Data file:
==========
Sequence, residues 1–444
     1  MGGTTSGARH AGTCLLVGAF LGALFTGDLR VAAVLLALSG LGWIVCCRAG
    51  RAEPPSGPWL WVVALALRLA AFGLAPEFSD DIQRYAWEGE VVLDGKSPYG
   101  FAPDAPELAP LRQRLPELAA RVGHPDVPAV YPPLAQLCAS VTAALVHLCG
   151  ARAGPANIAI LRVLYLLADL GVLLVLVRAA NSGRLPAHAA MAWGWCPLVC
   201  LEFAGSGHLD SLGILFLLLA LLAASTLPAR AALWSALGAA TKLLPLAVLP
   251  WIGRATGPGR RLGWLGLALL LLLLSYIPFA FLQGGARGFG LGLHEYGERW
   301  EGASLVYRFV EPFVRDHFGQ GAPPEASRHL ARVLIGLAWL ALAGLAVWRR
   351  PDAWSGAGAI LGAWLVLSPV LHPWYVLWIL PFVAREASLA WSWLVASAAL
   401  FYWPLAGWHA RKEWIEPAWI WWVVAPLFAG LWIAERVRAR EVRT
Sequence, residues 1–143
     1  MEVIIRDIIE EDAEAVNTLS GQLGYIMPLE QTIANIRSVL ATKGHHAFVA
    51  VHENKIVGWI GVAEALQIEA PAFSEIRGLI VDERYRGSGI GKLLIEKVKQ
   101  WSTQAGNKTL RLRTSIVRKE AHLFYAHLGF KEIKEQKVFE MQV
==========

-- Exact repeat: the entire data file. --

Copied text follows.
Sequence, residues 1–444
     1  MGGTTSGARH AGTCLLVGAF LGALFTGDLR VAAVLLALSG LGWIVCCRAG
    51  RAEPPSGPWL WVVALALRLA AFGLAPEFSD DIQRYAWEGE VVLDGKSPYG
   101  FAPDAPELAP LRQRLPELAA RVGHPDVPAV YPPLAQLCAS VTAALVHLCG
   151  ARAGPANIAI LRVLYLLADL GVLLVLVRAA NSGRLPAHAA MAWGWCPLVC
   201  LEFAGSGHLD SLGILFLLLA LLAASTLPAR AALWSALGAA TKLLPLAVLP
   251  WIGRATGPGR RLGWLGLALL LLLLSYIPFA FLQGGARGFG LGLHEYGERW
   301  EGASLVYRFV EPFVRDHFGQ GAPPEASRHL ARVLIGLAWL ALAGLAVWRR
   351  PDAWSGAGAI LGAWLVLSPV LHPWYVLWIL PFVAREASLA WSWLVASAAL
   401  FYWPLAGWHA RKEWIEPAWI WWVVAPLFAG LWIAERVRAR EVRT
Sequence, residues 1–143
     1  MEVIIRDIIE EDAEAVNTLS GQLGYIMPLE QTIANIRSVL ATKGHHAFVA
    51  VHENKIVGWI GVAEALQIEA PAFSEIRGLI VDERYRGSGI GKLLIEKVKQ
   101  WSTQAGNKTL RLRTSIVRKE AHLFYAHLGF KEIKEQKVFE MQV